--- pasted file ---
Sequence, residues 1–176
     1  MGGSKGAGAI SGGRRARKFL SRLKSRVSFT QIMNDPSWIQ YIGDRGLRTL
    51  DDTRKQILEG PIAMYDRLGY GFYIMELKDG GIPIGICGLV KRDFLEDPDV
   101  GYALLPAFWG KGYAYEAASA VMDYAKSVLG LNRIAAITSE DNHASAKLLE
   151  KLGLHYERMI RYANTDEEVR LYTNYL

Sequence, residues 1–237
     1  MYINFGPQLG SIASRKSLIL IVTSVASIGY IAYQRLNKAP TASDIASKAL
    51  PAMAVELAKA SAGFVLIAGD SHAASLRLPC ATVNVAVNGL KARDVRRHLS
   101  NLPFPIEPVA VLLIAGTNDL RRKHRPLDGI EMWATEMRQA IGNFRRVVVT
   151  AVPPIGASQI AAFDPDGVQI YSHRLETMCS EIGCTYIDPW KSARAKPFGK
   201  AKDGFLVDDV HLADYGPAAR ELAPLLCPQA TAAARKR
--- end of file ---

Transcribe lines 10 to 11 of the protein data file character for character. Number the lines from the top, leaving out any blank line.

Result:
   151  AVPPIGASQI AAFDPDGVQI YSHRLETMCS EIGCTYIDPW KSARAKPFGK
   201  AKDGFLVDDV HLADYGPAAR ELAPLLCPQA TAAARKR